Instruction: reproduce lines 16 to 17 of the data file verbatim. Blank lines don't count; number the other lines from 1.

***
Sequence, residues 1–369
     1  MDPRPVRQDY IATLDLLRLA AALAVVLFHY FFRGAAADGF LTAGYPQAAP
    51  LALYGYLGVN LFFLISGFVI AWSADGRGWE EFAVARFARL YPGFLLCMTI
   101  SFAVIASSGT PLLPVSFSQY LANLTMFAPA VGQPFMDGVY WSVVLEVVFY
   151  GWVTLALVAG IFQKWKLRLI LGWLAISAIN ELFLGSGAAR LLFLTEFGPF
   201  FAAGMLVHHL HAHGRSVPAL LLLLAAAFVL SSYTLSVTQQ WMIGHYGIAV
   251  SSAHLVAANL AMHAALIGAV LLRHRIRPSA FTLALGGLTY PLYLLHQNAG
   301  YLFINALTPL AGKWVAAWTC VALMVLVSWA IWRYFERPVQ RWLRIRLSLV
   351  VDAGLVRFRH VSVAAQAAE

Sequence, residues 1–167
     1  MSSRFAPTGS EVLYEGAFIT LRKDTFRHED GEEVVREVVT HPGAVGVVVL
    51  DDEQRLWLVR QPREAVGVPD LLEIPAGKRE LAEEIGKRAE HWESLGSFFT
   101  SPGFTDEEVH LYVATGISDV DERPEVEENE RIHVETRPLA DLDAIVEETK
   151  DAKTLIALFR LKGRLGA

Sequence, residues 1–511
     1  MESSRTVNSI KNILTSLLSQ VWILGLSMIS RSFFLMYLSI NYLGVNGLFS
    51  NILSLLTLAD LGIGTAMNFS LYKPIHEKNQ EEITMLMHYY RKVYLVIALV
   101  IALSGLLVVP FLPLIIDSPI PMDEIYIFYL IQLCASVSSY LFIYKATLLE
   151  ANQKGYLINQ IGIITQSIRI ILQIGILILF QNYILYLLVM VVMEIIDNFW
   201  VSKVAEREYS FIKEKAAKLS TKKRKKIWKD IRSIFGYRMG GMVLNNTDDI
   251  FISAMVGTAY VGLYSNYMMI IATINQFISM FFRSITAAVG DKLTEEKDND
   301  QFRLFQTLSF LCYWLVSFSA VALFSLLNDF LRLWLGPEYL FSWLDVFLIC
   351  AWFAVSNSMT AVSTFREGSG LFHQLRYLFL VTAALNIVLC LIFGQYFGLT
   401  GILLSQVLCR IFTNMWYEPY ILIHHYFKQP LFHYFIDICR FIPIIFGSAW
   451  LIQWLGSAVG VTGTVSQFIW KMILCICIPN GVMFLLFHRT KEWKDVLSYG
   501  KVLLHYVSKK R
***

     1  MESSRTVNSI KNILTSLLSQ VWILGLSMIS RSFFLMYLSI NYLGVNGLFS
    51  NILSLLTLAD LGIGTAMNFS LYKPIHEKNQ EEITMLMHYY RKVYLVIALV